David Graham fought for his golfing soul in the PGA Championwhip and won - just barely.

The Australian veteran, who looks weathered, perpetually tired and a decade older than his actual 33 years, won his first major title on an excruciatingly tense afternoon when he played the best golf of his life, the worst - and in the end perhaps the most unconscious.

When Graham sank an eight-foot birdie putt on the third hole in a sudden-death playoff with Ben Crenshaw to win this 61st PGA, it was almost anticlimactic compared to the five hours of television that preceded it.

Few golfers have committed a sin against themselves as grievous as the double bogey that Graham made at the 72nd hole to force the playoff when he needed only a humble and cautious bogey to grab the $60,000 prize and priceless prestige.

And even fewer golfers have redeemed themselves as splendidly as Graham did by sinking do-or-die puts of 15 and eight feet on the first two playoff holes after Crenshaw's ball was already in the hole or practically hanging on the lip.

Graham might have been haunted forever by the way he played the 18th hole - destroying the memory of the round of his life that would have been a seven-under-par 63 over Oakland Hills had he simply managed a closing par.

Instead, Graham drove wildly right, whacked an iron over the green, chili-dipped a chip shot from the fringe, hit another chip four feet past the hole, then, finally, lipped out that merciless four-foot putt and took a 6.

"Just as I took the club back on the 18th hole on the tee, I suddenly woke up to what was happening - it just hit me," said Graham.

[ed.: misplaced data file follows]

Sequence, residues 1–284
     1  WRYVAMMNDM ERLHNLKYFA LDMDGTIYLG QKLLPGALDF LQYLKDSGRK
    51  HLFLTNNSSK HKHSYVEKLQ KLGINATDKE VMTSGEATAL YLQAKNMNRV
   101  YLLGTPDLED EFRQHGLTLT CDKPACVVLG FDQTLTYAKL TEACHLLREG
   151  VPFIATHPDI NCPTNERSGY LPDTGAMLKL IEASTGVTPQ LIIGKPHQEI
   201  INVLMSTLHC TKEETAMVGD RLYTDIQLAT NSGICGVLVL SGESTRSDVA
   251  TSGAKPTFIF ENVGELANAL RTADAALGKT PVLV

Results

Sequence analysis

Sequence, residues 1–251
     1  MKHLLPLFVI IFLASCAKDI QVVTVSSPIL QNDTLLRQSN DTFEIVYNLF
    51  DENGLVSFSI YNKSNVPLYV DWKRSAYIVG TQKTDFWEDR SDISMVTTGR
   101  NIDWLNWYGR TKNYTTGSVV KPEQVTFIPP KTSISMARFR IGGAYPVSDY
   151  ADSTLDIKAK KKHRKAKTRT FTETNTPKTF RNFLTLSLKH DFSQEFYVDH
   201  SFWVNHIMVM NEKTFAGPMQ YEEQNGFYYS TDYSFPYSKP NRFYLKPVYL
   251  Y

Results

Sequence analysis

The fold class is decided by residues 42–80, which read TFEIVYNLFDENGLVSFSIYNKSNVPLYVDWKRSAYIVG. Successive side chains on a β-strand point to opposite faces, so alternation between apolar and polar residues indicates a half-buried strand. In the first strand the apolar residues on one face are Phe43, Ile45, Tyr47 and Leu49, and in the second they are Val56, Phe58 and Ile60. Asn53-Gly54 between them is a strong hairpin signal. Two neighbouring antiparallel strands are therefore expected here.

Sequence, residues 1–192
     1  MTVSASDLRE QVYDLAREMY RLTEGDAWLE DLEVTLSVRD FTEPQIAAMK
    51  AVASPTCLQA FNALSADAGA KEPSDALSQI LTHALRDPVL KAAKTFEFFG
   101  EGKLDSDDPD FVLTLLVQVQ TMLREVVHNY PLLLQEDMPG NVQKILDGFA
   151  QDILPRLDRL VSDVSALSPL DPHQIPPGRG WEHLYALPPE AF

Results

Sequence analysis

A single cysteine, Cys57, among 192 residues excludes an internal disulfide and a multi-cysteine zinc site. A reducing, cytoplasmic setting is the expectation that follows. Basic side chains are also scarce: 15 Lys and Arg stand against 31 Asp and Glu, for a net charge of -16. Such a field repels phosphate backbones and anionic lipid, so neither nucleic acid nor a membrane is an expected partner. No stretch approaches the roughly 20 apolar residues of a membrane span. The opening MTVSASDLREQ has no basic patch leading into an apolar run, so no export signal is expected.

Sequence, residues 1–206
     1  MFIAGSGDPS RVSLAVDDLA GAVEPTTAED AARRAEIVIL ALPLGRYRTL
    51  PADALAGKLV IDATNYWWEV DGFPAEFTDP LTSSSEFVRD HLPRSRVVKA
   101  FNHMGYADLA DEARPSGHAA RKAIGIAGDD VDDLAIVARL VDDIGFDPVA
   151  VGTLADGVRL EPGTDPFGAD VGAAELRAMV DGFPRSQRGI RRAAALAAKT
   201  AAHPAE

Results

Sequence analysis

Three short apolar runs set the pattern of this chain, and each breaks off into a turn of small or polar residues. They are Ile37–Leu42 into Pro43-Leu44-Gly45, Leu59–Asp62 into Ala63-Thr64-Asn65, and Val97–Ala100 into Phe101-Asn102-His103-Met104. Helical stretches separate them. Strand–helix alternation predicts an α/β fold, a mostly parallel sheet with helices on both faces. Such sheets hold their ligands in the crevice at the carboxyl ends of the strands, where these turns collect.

What hit him was a series of incredible facts. If he just made a closing par, he would break the PGA 72-hole record of 271 and also tie the 18-hole record of 63.

Instead, with his double bogey, Graham finished with a 65 that tied the Oakland Hills course record. His 72-hole total of 272 broke the course record by nine shots and was the second-lowest PGA score ever.

His 69-68-70-65 merely tied him with Crenshaw's 69-67-69-67 week of work, putting them two shots ahead of Rex Caldwell, the third-round leader who finished with an creditable 71 today.

By the time Graham reached the first playoff hole - No. 1 at the Hills - he was almost totally disconsolate. "I walked off the 18th thinking, "Good God, what the hell is going on here?"" said Graham. "I'd never had an experience like that in my life. I was practically in a daze for the entire hole."

As Graham stood at that first playoff hole, he saw a marshal who was an old friend and said to him, "Whenever I have to make the right decision, I make the wrong one. That's the story of my life."

Graham could have been talking about choosing to use a driver off the 72nd tee. Or about overclubbing himself on his second shot. Or about shooting for the pin instead of playing safe with his first chip. Or even about reading his final four-foot putt too far outside the hole. Or all four.

Little did he know how he was to distinguish himself soon.

At the first playoff hole, both men drove wildly - Crenshaw right and Graham left, as though the two stellar players who had never won a major tournament were anxious to give the title to the other.

Crenshaw recovered, wedging over a tree to the front edge on the 444-yard par-4, then hitting a spendid lag putt for a tap-in par.

After Graham's miserable second shot from a mound in the rough stayed 25 yards short of the green, Crenshaw later admitted, "I thought, "I've finally won it." I felt like I had it...I don't like second place. This is my fourth second in my last six starts and I'm sick of it."

When Graham, after a mediocre pitch-and-run, made his saving downhill putt - dead in the heart of the hole - the Aussie thought to himself, "Maybe these people will think I've got some guts after all. Damn it, David, all is not lost."